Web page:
Though this academic study has a stylistic density that a general readership might occasionally find difficult, the...

An illuminating analysis of graphic narrative’s documentary power.

Though many of the artists whose work receives close academic scrutiny here served their apprenticeships in what was once called “comic books,” Chute (English/Univ. of Chicago; Outside the Box: Interviews with Contemporary Cartoonists, 2014, etc.) situates them within the framework of a much longer legacy, of art annotated by words conveying the witness’s horror of war. She quotes art critic Robert Hughes on Goya as “the first modern visual reporter on warfare” and documents the famed artist’s influence on Robert Crumb. Chute then extends that legacy to encompass Joe Sacco, an American Book Award winner and “the contemporary force behind comics journalism, a term he devised,” and Art Spiegelman, with whom she collaborated on MetaMaus (2011). Even those who admire the accomplishments of those artists will likely see them in a new light here, as Chute’s analysis shows how the medium renders time as space, allowing readers to dictate the pace (as documentary film does not). It turns the reader as well as the artist into a witness of the unspeakable in a manner that often transcends polemics and partisanship. The author also introduces readers to the global expansion of the form, drawing connections between American artists and those in Japan and the Middle East. Given the breadth and depth of most of the book, the 10-page coda feels tacked-on, and could be a book in itself, as the Charlie Hebdo murders and other Muslim responses to images they find offensive reinforce the contemporary power and influences of the work—and find Spiegelman and Sacco on opposite sides concerning the freedom to draw such images and the responsibility to publish them.

Though this academic study has a stylistic density that a general readership might occasionally find difficult, the epiphanies are worth the effort.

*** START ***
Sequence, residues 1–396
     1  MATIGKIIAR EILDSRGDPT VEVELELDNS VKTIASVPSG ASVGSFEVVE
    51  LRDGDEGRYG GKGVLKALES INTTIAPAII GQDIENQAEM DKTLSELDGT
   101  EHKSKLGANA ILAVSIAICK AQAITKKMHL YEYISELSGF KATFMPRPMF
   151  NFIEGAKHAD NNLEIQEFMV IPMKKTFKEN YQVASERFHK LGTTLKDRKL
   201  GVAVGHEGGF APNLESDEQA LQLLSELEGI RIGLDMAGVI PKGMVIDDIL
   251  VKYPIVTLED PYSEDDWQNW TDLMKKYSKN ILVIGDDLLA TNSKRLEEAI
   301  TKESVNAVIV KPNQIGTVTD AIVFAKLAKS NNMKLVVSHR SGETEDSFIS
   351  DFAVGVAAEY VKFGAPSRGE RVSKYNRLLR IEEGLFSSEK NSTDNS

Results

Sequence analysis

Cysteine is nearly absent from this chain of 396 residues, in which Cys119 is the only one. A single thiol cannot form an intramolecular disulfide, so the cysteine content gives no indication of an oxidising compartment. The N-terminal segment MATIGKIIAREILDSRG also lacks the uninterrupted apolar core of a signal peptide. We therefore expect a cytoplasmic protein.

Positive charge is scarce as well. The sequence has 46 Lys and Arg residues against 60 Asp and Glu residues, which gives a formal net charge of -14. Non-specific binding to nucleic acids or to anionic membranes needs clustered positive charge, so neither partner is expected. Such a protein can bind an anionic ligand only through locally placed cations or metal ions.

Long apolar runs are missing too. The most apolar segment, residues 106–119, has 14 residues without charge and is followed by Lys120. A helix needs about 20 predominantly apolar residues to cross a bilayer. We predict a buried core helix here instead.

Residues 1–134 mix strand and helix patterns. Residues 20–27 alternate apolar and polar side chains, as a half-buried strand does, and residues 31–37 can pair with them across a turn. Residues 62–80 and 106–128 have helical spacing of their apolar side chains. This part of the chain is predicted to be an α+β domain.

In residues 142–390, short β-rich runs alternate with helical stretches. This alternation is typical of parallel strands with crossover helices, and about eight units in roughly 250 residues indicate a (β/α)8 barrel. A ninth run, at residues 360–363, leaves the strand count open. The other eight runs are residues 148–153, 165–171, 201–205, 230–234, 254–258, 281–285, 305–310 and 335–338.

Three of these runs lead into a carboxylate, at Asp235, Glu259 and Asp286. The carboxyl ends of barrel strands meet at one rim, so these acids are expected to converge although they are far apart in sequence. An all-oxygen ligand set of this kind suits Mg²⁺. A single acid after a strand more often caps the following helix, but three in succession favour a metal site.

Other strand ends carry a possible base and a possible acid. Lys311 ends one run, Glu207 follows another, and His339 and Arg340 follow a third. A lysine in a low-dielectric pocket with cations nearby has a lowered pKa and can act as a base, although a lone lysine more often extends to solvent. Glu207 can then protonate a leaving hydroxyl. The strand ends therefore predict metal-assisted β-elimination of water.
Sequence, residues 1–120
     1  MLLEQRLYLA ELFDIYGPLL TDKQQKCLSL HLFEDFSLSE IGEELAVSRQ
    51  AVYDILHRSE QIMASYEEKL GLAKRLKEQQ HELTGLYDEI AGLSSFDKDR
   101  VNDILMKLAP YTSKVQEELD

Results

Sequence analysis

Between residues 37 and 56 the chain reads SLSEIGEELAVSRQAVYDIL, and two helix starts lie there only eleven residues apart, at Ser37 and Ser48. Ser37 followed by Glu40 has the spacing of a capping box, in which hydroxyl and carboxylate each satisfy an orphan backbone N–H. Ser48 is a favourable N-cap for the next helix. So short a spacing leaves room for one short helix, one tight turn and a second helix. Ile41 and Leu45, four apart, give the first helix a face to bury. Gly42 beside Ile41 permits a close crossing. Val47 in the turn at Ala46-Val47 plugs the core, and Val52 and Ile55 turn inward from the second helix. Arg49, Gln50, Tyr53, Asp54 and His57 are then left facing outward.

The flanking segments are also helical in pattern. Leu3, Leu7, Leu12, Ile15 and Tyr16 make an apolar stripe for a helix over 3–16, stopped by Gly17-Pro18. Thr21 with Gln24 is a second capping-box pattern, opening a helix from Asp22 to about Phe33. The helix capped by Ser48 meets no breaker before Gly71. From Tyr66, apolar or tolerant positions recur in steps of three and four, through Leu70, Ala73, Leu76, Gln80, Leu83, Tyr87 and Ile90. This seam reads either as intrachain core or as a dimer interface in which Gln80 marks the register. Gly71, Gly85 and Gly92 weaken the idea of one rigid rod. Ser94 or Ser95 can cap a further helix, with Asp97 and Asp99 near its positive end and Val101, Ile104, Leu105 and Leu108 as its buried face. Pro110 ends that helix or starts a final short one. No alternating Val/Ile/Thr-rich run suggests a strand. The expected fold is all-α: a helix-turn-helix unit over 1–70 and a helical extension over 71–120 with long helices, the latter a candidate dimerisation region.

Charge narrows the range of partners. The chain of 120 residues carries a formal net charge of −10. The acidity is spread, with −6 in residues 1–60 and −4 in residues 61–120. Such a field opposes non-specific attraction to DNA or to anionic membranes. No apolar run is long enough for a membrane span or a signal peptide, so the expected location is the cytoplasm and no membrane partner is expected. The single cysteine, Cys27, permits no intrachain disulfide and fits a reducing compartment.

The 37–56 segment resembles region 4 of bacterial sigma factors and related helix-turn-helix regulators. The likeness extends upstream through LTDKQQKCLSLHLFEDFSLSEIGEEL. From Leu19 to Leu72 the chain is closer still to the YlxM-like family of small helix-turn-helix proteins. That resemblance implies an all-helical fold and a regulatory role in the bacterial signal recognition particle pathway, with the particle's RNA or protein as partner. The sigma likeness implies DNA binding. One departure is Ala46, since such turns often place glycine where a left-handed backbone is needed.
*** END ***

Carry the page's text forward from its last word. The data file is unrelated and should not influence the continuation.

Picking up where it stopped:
Pub Date: Jan. 1, 2016

ISBN: 978-0-674-50451-6

Page Count: 362

Publisher: Harvard Univ.

Review Posted Online: Oct. 27, 2015

Kirkus Reviews Issue: Nov. 15, 2015



This is not the Nutcracker sweet, as passed on by Tchaikovsky and Marius Petipa. No, this is the original Hoffmann tale of 1816, in which the froth of Christmas revelry occasionally parts to let the dark underside of childhood fantasies and fears peek through. The boundaries between dream and reality fade, just as Godfather Drosselmeier, the Nutcracker's creator, is seen as alternately sinister and jolly. And Italian artist Roberto Innocenti gives an errily realistic air to Marie's dreams, in richly detailed illustrations touched by a mysterious light. A beautiful version of this classic tale, which will captivate adults and children alike. (Nutcracker; $35.00; Oct. 28, 1996; 136 pp.; 0-15-100227-4)

Pub Date: Oct. 28, 1996

ISBN: 0-15-100227-4

Page Count: 136

Publisher: Harcourt

Review Posted Online: May 19, 2010

Kirkus Reviews Issue: Aug. 15, 1996




An extravaganza in Bemelmans' inimitable vein, but written almost dead pan, with sly, amusing, sometimes biting undertones, breaking through. For Bemelmans was "the man who came to cocktails". And his hostess was Lady Mendl (Elsie de Wolfe), arbiter of American decorating taste over a generation. Lady Mendl was an incredible person,- self-made in proper American tradition on the one hand, for she had been haunted by the poverty of her childhood, and the years of struggle up from its ugliness,- until she became synonymous with the exotic, exquisite, worshipper at beauty's whrine. Bemelmans draws a portrait in extremes, through apt descriptions, through hilarious anecdote, through surprisingly sympathetic and understanding bits of appreciation. The scene shifts from Hollywood to the home she loved the best in Versailles. One meets in passing a vast roster of famous figures of the international and artistic set. And always one feels Bemelmans, slightly offstage, observing, recording, commenting, illustrated.

Pub Date: Feb. 23, 1955

ISBN: 0670717797

Page Count: -

Publisher: Viking

Review Posted Online: Oct. 25, 2011

Kirkus Reviews Issue: Feb. 1, 1955

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